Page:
Cycle for Survival was founded by Jennifer Goodman Linn—a Memorial
Sloan Kettering patient and Equinox member—and her husband, Dave.
Following Jen’s own rare cancer diagnosis, they wanted to do
something to fight back. Jen sparked this movement and, despite
losing her own battle with cancer in 2011, we continue to be inspired by
her passion and determination to make a difference.
Jennifer Goodman Linn
Founder, Cycle for Survival
Jen’s whole life was in front of her. She grew up in Livingston, New Jersey, with her mom, Sandy, dad, Len, and brother, Brett. Tenacious from the start, she received her undergraduate degree from Duke University (and was a huge Blue Devils fan), and later received her MBA from Harvard Business School. She was passionate, creative, and determined—and applied her skills to a successful career in marketing.
While at Harvard, Jen met her future husband, Dave Linn. They married in 2003, and were looking forward to pursuing career and family dreams.
Shortly after getting married, Jen began to experience early symptoms of what would later become an MFH sarcoma diagnosis. She had surgery to remove a tumor the size of a football and began a seven-year battle with rare cancer.
Fighting and Giving Back
After going into remission, Jen wanted to fight back against her cancer—and give back to her doctors at Memorial Sloan Kettering. She created what was then known as “Spin4Survival,” and held the first-ever event at Equinox Columbus Circle in New York City. Shortly after, Jen’s cancer returned and through her unwavering determination she vowed to continue raising money for rare cancer research.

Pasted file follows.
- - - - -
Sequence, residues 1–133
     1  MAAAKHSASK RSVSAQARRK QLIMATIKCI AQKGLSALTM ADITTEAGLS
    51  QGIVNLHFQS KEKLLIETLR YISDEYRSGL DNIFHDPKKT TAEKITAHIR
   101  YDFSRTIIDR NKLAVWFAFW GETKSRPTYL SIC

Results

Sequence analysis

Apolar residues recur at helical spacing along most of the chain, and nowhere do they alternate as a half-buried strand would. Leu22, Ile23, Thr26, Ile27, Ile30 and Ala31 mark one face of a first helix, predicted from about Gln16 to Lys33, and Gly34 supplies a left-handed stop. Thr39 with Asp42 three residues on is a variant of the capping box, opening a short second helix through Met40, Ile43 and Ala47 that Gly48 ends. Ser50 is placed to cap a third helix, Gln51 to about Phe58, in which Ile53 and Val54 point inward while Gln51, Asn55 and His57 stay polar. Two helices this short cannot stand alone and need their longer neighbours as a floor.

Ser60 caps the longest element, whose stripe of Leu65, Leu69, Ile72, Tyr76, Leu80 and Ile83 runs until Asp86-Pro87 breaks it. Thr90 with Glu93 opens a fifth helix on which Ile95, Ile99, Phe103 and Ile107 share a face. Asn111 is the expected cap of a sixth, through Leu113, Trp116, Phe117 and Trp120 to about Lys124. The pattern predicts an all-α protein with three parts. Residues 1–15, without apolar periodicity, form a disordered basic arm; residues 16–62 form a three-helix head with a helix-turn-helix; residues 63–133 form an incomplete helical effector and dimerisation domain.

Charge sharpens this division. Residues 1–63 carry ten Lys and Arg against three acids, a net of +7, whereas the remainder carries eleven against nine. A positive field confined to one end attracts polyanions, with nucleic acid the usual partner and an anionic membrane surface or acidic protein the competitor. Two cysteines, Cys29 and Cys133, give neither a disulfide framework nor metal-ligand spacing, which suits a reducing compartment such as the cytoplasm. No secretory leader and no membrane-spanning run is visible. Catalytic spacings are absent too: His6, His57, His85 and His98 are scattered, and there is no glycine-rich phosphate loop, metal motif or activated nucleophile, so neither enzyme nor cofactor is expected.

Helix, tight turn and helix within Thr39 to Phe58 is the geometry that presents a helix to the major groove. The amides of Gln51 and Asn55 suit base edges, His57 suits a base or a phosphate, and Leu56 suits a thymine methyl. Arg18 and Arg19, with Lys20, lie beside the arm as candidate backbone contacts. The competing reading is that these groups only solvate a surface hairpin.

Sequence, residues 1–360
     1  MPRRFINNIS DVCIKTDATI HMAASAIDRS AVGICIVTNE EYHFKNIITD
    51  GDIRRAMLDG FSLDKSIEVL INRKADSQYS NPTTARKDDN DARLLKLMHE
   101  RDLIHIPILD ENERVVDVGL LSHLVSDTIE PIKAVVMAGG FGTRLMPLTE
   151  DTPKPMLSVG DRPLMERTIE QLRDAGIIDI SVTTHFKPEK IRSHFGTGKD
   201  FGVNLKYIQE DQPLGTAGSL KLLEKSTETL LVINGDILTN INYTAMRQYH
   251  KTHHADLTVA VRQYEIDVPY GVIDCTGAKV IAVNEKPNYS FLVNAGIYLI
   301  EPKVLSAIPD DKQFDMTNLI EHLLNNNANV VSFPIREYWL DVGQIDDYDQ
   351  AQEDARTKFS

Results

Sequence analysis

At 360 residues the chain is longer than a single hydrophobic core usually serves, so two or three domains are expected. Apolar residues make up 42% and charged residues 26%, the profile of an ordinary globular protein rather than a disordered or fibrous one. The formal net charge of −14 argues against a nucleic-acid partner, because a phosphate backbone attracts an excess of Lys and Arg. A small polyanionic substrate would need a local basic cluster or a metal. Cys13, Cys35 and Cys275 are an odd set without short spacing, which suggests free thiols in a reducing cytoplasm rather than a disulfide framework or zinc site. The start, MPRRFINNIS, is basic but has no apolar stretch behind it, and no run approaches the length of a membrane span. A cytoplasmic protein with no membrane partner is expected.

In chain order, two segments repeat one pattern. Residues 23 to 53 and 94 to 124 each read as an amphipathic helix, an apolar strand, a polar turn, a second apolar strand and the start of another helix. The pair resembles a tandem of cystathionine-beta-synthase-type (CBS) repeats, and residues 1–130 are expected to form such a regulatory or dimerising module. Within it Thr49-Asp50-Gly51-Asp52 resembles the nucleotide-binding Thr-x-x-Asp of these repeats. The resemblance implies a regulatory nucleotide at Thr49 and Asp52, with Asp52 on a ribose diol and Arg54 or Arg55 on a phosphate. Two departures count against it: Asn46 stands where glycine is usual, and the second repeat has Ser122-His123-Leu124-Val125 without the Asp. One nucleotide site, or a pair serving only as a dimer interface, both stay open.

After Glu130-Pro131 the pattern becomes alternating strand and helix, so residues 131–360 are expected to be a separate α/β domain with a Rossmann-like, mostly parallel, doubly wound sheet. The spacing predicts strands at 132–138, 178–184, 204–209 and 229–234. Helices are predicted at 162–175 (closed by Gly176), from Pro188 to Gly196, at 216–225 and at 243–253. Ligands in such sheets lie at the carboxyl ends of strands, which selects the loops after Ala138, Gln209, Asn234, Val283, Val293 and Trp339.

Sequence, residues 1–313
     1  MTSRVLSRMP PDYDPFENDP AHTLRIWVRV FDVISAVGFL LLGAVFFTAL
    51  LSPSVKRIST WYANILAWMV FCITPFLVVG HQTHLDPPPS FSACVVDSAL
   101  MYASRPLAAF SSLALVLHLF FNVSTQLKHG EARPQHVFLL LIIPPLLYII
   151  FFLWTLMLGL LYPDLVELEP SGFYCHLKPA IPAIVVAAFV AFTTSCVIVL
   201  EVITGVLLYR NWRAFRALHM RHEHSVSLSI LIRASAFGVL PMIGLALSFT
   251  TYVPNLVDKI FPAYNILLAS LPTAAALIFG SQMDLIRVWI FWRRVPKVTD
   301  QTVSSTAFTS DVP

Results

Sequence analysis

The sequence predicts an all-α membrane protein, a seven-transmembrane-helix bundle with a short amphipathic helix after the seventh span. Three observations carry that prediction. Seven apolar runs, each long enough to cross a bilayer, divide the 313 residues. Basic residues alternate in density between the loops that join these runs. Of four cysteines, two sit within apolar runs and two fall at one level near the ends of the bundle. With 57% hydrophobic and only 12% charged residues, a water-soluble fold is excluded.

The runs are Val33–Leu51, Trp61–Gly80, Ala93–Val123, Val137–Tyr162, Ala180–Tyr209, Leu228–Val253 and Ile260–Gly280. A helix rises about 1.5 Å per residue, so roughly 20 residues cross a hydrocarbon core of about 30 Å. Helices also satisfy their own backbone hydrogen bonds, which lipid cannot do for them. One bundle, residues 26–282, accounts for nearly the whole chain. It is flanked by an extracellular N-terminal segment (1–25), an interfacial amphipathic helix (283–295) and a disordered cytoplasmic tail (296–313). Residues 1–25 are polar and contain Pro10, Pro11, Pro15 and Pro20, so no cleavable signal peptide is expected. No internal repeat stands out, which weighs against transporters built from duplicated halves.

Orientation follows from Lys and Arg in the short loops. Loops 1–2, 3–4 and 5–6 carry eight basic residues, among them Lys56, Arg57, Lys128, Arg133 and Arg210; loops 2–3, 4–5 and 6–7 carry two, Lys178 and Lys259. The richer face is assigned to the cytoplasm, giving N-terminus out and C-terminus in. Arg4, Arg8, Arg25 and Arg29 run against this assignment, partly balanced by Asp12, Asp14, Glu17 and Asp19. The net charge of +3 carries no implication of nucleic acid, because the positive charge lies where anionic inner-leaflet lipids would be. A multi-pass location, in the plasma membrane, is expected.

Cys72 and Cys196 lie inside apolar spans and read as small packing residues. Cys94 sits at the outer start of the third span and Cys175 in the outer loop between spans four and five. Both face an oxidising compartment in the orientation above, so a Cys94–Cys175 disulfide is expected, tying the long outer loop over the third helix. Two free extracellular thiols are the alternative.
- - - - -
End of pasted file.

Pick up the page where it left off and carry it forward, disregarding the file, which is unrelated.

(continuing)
Cycle for Survival
In 2009, after two successful events, Jen and Dave decided that the best way to help as many cancer patients as quickly as possible was to officially engage Memorial Sloan Kettering and Equinox. Since 2009, Cycle for Survival has been owned and operated by Memorial Sloan Kettering, which has a full-time team running the events—and Equinox became the founding partner.
Building the Movement
Jen always said that she never wanted Cycle for Survival to be about her, but rather about all of the patients and families fighting rare cancers. As the movement grows, so does this dedicated community. Today, people come together nationwide to ride and fight cancer: for themselves, their loved ones, and for new and better treatment options.
In July 2011, Jen passed away at the age of 40. She sparked this movement to beat rare cancers—and she did it through her trademark passion, love, and belief in living life to the fullest.
Despite losing Jen in 2011, Dave—together with their wonderful families and extensive circle of dedicated friends—continues to volunteer his time, helping propel the movement that Jen inspired.
In Her Own Words
Watch these videos to hear Jen tell her story and get a glimpse of her spirited, magnetic personality as she celebrated her last birthday, her 40th, by dancing.
At all of our events across
the country, we have a special bike
that we established in Jen's
honor. Cancer survivors and
caregivers take turns riding
"Jen's Bike”—pushing the Cycle
for Survival movement forward,
one pedal at a time.
The Jennifer Goodman Linn Laboratory of New Drug
Development in Sarcoma and Rare Cancers
In 2012, shortly after her passing, Memorial Sloan Kettering Cancer Center dedicated a lab in Jen's name. MSK wanted to give Jen and all who loved her this high honor, recognizing her incredible advancement of rare cancer research.